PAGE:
When the darkness begins and the snowy cold settles onto the landscape and the world seems almost silent . . . That’s when you begin to get a sense of it.
Walking down the narrow streets with wooly scarves bundled high around your neck, you have to pull it down just to be able to see. Once your eyes have adjusted to the light, you make your way up to the little porch which is lit by candle lanterns and dusted with soft, powdery snow.
You’re led inside where a few people bask in front of the fire. Comfortable on throws, their hands are wrapped around steaming mugs. They laugh together at the end of a story and turn to face you just as you walk in. Even though you don’t really know anyone — they make you feel like you do.
That’s when you suddenly understand the essence of HYGGE.
Language offers a unique glimpse into a culture’s value and character. The word SERENDIPITY is nearly impossible to translate from English, but it perfectly expresses the surprise and wonder of the happy incident. Oh how we cherish serendipitous events in our culture!
Similarly, the Danish word Hygge (pronounced Hew-gah) roughly translates to mean something along the lines of warm cosiness. In Norwegian, it means ‘well-being’. But, hygge describes much more than these things. In fact, it pretty much encapsulates Scandinavian tradition.
“We have very long, dark and cold winters in Norway” says Rita, a nurse from Oslo.
“Our culture had to find ways of surviving these extreme conditions, and I don’t mean basic survival. . . I mean getting through the long, dark winters without sinking into terrible depression. This, I think, is why we have hygge.”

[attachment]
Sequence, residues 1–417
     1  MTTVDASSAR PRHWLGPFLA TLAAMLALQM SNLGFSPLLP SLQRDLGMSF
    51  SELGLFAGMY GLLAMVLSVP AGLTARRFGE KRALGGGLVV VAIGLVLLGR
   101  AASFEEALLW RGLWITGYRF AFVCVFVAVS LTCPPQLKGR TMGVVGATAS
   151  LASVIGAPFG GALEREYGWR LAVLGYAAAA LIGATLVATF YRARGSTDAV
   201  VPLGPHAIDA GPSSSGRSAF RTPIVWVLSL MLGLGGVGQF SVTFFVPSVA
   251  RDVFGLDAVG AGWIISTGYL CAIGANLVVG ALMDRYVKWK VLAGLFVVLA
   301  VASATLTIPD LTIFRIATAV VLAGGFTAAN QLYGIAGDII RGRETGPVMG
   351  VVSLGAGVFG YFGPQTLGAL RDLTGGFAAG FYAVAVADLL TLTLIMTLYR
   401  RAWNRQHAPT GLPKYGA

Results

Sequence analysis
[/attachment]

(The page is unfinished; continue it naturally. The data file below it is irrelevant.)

Hygge embraces everything from conviviality to cosiness — good conversation in the glow of a flickering candle-light, the comforting smell of buttery bread intermingled with the smoke from the fireplace.
Hygge is all of this, but more so, it is the tradition of bringing people together to enjoy life. Hygge is magically transforming a potentially bleak situation into one of intimacy, fellowship and joy.
“It’s very much about the emotion,” Rita explains. “We do things to care for ourselves and for each other – and not just in wintertime.”
But, of course, the colder months and the holidays lend themselves to hygge.
“Just invite people over and don’t worry about tidying up or making the table perfect. You want to make people comfortable, and that means you being comfortable too. You can’t really rush about and expect hygge.”
So what’s the secret?
Rita says that you can embrace hygge by keeping things simple; just add more soft lighting, candles, pillows, warm and easy-to-make foods that will add to a soothing, relaxed atmosphere. It’s celebrating togetherness the easy way. Enjoy yourself, listen to music, laugh with your friends, bundle up in your bulkiest sweater and rest.
Maybe a single word really can sum-up the essence of a culture.
And, if the tradition of hygge can help explain why Scandinavian countries boast the happiest and most successful populations, then maybe those of us from other cultures could learn a little from this enduring and heart-warming way of life.